Make someone angry or depressed.
- ‘Stories like this one from AP really give me the pip.’
- ‘But while the seeded status accorded Alex McLeish's men should make this monumental tie easier to swallow, it could still give them the pip.’
- ‘Professionals who wrap themselves in national colours following success (usually only when someone throws it in their direction) gives me the pip.’
- ‘I DON'T know about you, but the row over a Blackburn trader being, in effect, told by visiting French stallholders what he could and couldn't sell on a continental market in his own town fairly gave me the pip.’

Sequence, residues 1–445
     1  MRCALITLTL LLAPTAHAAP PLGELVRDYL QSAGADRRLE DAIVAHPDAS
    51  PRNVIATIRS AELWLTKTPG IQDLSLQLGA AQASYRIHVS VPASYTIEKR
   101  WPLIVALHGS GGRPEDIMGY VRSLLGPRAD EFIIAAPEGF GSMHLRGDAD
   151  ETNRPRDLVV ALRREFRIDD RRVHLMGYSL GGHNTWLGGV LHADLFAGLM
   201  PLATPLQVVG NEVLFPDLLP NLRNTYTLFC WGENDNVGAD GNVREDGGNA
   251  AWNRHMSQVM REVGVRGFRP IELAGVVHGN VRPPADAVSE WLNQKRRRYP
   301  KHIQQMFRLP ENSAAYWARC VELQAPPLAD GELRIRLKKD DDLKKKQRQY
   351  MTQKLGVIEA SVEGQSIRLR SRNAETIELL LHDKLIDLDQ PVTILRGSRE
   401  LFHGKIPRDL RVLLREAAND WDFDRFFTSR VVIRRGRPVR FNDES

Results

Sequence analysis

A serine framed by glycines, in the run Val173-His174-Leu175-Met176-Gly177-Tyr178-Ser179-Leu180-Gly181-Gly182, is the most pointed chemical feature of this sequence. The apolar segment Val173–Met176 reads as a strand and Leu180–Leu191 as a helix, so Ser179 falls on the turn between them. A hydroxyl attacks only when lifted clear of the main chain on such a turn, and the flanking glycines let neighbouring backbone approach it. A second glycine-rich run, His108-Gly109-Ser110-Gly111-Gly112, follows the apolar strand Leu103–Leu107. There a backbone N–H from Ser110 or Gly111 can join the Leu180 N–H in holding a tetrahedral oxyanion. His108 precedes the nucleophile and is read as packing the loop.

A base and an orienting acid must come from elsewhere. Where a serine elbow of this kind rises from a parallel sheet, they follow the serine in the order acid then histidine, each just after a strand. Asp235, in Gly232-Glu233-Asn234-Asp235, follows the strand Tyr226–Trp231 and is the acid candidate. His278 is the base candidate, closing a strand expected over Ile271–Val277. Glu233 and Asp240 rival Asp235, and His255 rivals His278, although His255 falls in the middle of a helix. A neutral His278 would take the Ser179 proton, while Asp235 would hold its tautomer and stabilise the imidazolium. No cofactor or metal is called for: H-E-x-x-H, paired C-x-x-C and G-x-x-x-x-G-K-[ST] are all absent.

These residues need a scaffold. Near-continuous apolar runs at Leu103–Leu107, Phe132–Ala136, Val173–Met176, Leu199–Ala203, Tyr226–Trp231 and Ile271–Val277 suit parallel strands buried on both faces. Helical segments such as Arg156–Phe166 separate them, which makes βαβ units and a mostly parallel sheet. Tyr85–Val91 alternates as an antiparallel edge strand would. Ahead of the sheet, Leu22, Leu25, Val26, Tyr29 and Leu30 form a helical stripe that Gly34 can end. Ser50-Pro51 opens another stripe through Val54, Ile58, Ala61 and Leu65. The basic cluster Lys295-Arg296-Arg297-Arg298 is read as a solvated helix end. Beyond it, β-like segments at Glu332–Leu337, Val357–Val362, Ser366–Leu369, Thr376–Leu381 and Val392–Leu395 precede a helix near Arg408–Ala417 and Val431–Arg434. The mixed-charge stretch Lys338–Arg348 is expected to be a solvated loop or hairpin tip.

- ‘If somebody's giving you the pip - and that possibility's high - view them as yet another interesting deviation from the norm.’
- ‘If this gives you the pip, think before you nip about the wisdom of people in glass houses not throwing stones.’
- ‘Even tongue-in-cheek advice books, such as Camilla Morton's How To Walk In High Heels, give me the pip.’
We take a look at several popular, though confusing, punctuation marks.